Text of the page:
The UK’s Payment Systems Regulator (PSR) has confirmed plans to improve protections for victims of authorised push payments (APP) fraud, which will come into force in October 2024.
In what it describes as a “step-change” in fraud protection that will see the vast majority of money lost to APP frauds reimbursed to victims, the watchdog has set a £415,000 maximum reimbursement level. Sending payment firms can – but do not have to – apply a claim excess of up to £100 if they choose to. This does not include claims made by vulnerable consumers.
Meanwhile, the cost of reimbursement will be split 50:50 between sending and receiving firms – putting incentives in at the receiving end for the first time.
APP fraud has quickly become one of the most significant types of fraud in the UK, with losses totaling nearly £500 million in the last year. Consumer groups and politicians have been clamoring for banks to tackle a growing epidemic and to speed up the process of reimbursement for blameless victims.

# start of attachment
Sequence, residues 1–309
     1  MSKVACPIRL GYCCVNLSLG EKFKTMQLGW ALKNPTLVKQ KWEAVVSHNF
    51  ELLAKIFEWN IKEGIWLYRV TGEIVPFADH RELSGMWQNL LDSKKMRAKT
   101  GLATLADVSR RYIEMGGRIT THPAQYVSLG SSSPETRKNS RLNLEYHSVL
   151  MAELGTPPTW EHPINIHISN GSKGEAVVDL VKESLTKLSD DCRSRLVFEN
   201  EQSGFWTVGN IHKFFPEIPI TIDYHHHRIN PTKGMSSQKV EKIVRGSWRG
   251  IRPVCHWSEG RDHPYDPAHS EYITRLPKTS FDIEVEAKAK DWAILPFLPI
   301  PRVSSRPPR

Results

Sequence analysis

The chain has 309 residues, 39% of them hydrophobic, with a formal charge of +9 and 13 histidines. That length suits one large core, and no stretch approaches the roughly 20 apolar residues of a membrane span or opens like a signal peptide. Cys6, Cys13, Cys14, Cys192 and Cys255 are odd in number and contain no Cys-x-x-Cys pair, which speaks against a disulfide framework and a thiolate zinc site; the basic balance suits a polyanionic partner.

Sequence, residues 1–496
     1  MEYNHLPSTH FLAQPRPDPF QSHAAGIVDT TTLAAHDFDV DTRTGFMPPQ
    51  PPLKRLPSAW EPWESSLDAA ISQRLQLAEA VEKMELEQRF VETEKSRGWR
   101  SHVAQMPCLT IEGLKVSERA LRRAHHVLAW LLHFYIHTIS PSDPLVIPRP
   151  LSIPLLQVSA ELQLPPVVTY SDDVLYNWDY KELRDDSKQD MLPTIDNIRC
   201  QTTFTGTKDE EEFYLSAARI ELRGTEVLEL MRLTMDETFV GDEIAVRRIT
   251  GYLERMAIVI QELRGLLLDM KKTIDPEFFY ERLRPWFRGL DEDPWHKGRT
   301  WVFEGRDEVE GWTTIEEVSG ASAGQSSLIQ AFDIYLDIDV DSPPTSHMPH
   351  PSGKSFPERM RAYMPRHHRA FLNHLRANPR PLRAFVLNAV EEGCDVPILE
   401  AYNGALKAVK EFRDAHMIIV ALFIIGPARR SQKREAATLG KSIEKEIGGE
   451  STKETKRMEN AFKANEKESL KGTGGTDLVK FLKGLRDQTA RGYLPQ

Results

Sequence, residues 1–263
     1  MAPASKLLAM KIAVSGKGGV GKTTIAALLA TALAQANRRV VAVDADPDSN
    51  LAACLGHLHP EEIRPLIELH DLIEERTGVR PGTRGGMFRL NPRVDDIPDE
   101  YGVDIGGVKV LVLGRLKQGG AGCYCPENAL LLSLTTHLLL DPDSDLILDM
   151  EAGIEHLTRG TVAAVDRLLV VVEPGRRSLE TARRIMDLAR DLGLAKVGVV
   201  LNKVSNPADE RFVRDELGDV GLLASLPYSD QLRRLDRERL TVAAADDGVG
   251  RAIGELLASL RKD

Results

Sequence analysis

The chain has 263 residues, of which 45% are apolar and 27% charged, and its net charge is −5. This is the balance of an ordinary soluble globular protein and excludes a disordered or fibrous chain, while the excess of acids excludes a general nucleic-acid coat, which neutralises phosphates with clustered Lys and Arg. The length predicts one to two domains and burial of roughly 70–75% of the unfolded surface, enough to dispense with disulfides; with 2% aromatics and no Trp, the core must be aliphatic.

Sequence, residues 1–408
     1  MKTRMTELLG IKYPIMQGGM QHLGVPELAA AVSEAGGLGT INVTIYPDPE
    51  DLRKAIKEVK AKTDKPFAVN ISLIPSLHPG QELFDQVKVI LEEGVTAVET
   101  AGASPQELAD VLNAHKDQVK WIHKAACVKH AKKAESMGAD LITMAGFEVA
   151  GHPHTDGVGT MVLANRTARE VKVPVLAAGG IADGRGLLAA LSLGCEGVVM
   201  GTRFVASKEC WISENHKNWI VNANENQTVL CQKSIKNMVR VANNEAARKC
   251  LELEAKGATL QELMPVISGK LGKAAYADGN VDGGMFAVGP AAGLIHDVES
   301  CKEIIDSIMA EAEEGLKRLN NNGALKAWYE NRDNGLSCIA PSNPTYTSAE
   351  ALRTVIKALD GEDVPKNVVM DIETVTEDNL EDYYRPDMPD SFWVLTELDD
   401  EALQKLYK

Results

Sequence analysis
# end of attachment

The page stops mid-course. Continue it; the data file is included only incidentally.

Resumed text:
Under the new rules, most APP fraud victims will be reimbursed within five business days and additional protections will be offered for vulnerable customers.
The PSR stresses that “consumers still need to take care when making payments,” but “the onus will be on the bank to prove that they acted with gross negligence”.
Chris Hemsley, managing director, PSR, says: “Our approach incentivises banks and other payment firms to prevent APP fraud from happening in the first place while ensuring victims are protected in a consistent way.”
A Pay.UK spokesperson says: “We welcome the publication of the PSR’s finalized legal instruments for the APP reimbursement regime, which place requirements on payment service providers to reimburse victims of APP fraud. We are playing our part, as directed by the PSR, in implementing the regime next year.